A few scientists worry that specimen-mining “exploits” Morocco’s paleontological heritage. Others note that paleontologists have identified hundreds of species of trilobites—many new to science—from finds by miners working the country’s Paleozoic limestones, which were laid down 245 to 570 million years ago. Without markets to support Moroccan diggers, a large number of these species would never have been discovered.

“A Visit: Harem Interior, Constantinople,” by “Henriette Browne”—a pseudonym of Parisian artist Sophie Boutellier.
Kyle Skipper and Natia Copeland shop at the Tucson Gem and Mineral Show for a specimen of Drotops, a 416-million-year-old Moroccan trilobite genus. Most trilobites are 2.5 to 10 centimeters (1–4") in length, but they can range from one millimeter to 70 centimeters (.04–28").
Some Moroccan exporters have also made significant contributions to science. In addition to exporting fossils, Brahim Tahiri operates the only private fossil museum in Morocco. The Tahiri Brothers’ Museum of Fossils and Minerals near Erfoud preserves and displays scientifically important specimens to promote geological education. Brahim Tahiri’s efforts have been recognized internationally as paleontologists do: They have named a trilobite, Asteropyge tahiri, in his honor. (He also has the honor of having a non-trilobite fossil arthropod, Eoduslia brahimtahiri, named after him.)

Erfoud lies in the heart of Morocco’s fossil beds, and the Paleozoic strata south of the highway between Erfoud and Alnif are a prime hunting ground for diggers. Kilometer after kilometer of shallow trenches have been hand-dug by Berber miners following productive horizons in their search for trilobites. Diggers crack open rocks and, when they break into a trilobite fossil, save both halves. Broken trilobites are taken to prep labs like Brahim Tahiri’s facility in Erfoud, where they are glued back together. Preppers then painstakingly chip out the trilobites. Their preferred tool is a micro-sandblaster.

Few trilobites are found in perfect condition and prepping usually involves some degree of restoration. Trilobite replicas can be made from plaster, plastic or auto-body putty, and it can be hard for amateurs to tell real fossils from replicas.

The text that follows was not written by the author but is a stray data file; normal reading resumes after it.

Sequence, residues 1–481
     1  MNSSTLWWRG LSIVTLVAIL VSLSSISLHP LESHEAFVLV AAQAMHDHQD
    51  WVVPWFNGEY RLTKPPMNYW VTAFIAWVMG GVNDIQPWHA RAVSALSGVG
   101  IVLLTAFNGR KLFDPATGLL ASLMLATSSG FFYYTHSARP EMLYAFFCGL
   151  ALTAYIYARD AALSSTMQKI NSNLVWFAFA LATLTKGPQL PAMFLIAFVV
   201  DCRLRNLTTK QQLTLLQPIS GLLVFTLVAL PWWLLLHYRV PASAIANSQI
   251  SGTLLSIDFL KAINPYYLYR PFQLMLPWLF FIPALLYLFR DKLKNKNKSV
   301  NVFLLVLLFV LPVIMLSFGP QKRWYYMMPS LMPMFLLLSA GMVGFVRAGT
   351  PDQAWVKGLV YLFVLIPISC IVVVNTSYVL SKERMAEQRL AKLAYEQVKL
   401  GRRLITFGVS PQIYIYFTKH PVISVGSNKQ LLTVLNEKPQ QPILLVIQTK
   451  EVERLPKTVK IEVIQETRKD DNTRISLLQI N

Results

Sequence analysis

The price that a trilobite fossil will fetch in the marketplace depends upon its rarity and condition, the hours spent preparing it and the quality of the workmanship. In the us, trilobites may retail for anything from one or two dollars to several thousand, and some unusual high-quality pieces have sold for more than $20,000. A similar range of prices applies to mineral specimens.

“A Visit: Harem Interior, Constantinople,” by “Henriette Browne”—a pseudonym of Parisian artist Sophie Boutellier.
D.W. Shakel
Beyond the tire tracks is one of Morocco’s many trilobite mines, which are typically hand-dug trenches, two to three meters deep. This one continues along the mountainside for 50 kilometers (30 mi).
Morocco’s mineralogical endowment is as unique as its paleontological heritage. Mines in the world-famous Bou Azzer district, in the center of the Anti-Atlas Mountains south of Ouarzazate, produce cobalt and nickel arsenate ores and colorful mineral specimens favored by collectors. The district lies in a patch of Precambrian rocks that geologists call a boutonnière (“buttonhole” in French). Rocks here are very old and have a very complicated geological history. Immense heat and pressure resulted in the deposition of ore and mineral veins.

Before the onset of modern mining in the 1930’s, Berber tribesmen in the Bou Azzer region chipped out small amounts of arsenic-containing rocks from the cobalt-nickel veins to sell in the Marrakesh suq as rat poison. French prospectors came across the veins in 1928 and the Bou Azzer Mine opened soon after that. As it played out, prospectors identified other ore veins nearby, which were also mined. The region’s rich geological history produced such stunning mineral specimens as erythrite, a violet-red cobalt-arsenate, and skutterudite, a bright silvery cobalt arsenide. More than 120 different mineral species have been found at Bou Azzer, and the district even has an arsenic mineral named after it: bouazzerite.